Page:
PRIMARY OBJECTIVE: This paper examined the use of an atypical neuroleptic medication, risperidone, in reducing the excessive motor activity of an adolescent with an anoxic brain injury following cardiac arrest from a lightning strike. Lower extremity restlessness caused the patient to develop skin breakdown and interfered with healing of existing burns. RESEARCH DESIGN: Single-blind, placebo-controlled single-subject experimental design. EXPERIMENTAL INTERVENTION: Escalating doses of risperidone up to 1 mg and in combination with methylphenidate (10 mg) and amantidine (100 mg)...
March 2003: Brain Injury: [BI]
Neil Howell, Neil R Miller, David A Mackey, Anthony Arnold, Corinna Herrnstadt, Isla M Williams, Iwona Kubacka
OBJECTIVE: To report the clinical and mitochondrial genetic analyses of two families, each of which carries both the 11778 and 14484 Leber hereditary optic neuropathy (LHON) mutations in mitochondrial DNA. METHODS: In addition to detailed clinical histories, the complete sequence of the mitochondrial DNA (mtDNA) from each family was determined. RESULTS: A small Australian LHON family (Vic20) and a family from the United States carry the 11778 and 14484 LHON mutations...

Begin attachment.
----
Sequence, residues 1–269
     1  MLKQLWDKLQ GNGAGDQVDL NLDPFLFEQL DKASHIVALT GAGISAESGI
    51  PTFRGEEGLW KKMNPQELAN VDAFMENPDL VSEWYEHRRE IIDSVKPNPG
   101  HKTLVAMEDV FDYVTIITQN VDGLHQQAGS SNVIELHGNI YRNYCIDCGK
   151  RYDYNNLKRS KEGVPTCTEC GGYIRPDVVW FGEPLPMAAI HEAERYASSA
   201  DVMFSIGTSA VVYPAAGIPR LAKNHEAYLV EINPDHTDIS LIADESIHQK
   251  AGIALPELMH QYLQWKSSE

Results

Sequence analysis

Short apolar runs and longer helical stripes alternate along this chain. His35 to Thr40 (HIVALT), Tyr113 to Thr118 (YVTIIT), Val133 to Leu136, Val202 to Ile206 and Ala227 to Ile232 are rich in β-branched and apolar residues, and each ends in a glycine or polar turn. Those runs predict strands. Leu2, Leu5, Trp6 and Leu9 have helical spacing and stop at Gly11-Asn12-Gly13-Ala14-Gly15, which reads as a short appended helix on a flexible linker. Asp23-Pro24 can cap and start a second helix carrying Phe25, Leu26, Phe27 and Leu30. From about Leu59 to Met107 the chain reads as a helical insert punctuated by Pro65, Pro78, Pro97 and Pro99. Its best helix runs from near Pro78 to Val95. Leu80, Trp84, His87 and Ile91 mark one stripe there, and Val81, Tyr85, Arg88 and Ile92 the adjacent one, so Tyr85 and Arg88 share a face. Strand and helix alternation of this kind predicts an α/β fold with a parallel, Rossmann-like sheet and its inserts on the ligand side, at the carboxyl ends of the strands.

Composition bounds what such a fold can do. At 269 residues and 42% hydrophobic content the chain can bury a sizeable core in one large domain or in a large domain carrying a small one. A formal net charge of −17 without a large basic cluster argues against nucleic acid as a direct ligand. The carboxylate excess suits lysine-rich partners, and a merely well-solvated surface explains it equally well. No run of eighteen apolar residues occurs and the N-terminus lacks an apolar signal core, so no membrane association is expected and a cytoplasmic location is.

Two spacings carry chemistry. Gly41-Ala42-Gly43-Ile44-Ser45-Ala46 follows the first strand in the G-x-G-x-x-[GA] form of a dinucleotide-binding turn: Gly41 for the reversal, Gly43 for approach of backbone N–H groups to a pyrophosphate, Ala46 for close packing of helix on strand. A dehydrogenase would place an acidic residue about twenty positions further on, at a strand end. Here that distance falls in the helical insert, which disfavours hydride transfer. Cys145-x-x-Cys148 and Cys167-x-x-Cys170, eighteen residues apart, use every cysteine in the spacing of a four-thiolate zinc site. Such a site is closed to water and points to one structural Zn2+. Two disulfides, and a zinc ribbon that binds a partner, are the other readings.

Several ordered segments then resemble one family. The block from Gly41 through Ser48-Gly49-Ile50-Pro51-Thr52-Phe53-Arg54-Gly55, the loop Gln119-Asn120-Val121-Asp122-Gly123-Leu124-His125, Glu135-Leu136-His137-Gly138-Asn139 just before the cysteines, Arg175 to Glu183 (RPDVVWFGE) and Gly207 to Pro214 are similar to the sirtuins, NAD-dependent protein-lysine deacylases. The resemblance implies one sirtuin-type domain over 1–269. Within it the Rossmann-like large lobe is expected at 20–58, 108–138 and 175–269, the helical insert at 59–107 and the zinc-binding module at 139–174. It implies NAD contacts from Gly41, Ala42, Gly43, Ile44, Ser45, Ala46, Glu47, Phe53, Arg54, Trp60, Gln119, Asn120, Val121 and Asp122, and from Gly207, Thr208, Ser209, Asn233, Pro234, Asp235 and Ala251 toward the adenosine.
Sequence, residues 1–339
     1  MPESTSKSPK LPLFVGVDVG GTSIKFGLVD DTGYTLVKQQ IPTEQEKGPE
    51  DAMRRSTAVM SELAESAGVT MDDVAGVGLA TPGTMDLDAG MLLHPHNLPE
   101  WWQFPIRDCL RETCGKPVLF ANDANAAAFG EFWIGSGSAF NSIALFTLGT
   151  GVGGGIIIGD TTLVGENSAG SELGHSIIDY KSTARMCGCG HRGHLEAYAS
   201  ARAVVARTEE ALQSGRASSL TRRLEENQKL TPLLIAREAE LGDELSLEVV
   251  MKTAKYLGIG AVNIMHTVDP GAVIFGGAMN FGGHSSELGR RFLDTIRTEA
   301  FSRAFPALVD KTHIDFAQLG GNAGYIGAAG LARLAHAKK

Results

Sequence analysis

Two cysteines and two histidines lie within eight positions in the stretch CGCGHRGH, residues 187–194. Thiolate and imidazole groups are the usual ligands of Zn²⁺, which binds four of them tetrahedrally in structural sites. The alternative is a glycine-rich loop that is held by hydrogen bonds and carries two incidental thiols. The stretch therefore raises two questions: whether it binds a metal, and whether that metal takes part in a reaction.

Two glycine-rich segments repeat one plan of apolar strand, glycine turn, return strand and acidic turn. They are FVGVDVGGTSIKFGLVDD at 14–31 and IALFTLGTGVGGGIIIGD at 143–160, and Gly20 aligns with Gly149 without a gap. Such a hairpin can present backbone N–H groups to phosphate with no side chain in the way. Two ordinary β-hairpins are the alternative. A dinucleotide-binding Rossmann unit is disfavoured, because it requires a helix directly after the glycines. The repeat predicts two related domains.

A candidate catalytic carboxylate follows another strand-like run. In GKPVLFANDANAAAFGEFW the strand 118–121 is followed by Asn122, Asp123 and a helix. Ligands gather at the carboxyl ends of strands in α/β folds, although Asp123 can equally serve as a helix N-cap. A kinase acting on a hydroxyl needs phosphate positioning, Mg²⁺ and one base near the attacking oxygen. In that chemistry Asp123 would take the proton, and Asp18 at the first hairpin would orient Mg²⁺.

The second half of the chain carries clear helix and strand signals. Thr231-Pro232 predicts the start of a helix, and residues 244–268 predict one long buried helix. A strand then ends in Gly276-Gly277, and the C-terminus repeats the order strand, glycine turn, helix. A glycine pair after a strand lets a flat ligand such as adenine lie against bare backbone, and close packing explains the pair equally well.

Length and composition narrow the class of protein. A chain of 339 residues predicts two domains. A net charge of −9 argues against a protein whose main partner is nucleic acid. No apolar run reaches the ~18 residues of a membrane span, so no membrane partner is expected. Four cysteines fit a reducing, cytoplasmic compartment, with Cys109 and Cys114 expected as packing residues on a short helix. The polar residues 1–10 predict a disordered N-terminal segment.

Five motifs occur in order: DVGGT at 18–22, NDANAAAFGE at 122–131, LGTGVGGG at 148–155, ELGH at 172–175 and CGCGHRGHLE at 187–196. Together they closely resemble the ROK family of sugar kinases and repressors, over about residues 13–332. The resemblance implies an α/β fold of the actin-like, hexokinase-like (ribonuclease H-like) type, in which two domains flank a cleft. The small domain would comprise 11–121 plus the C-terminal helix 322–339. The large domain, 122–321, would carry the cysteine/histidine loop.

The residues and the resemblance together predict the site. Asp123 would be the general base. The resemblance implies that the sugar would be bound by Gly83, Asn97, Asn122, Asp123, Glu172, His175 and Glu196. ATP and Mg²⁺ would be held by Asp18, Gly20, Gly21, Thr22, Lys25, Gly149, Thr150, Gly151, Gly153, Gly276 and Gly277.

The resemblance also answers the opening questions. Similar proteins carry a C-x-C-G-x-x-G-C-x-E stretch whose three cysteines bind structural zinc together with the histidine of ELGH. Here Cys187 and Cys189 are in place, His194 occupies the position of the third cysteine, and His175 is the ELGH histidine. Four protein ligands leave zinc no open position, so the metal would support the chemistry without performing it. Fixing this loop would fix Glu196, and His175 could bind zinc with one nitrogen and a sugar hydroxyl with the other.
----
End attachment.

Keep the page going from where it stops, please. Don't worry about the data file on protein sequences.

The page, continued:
December 2002: Journal of Neuro-ophthalmology: the Official Journal of the North American Neuro-Ophthalmology Society
M Ohashi, Y Hosoda, Y Fujishiro, A Tuyuki, K Kikuchi, H Obara, N Kitagawa, T Ishikawa
The present study attempts to better understand the mechanism of injuries associated with direct lightning strikes. We reviewed the records of 256 individuals struck by lightning between 1965 and 1999, including 56 people who were killed. Basal skull fracture, intracranial haemorrhage, pulmonary haemorrhage, or solid organ rupture was suspected in three men who died. Generally these lesions have been attributed to current flow or falling after being struck. However, examination of surface injuries sustained suggested that the true cause was concussion secondary to blast injury resulting from vaporization of water on the body surface by a surface flashover spark...
December 2001: Keio Journal of Medicine
D Bedenice, A M Hoffman, B Parrott, J McDonnel
Two previously healthy 14-year-old horses developed right-sided unilateral vestibular signs after they had possibly been struck by lightning. Repeated radiographic and endoscopic evaluations did not reveal any significant changes. A brainstem auditory evoked response test indicated a subtle left to right interaural latency difference of waves I, III and V in the more severely affected pony, but its central conduction time remained normal.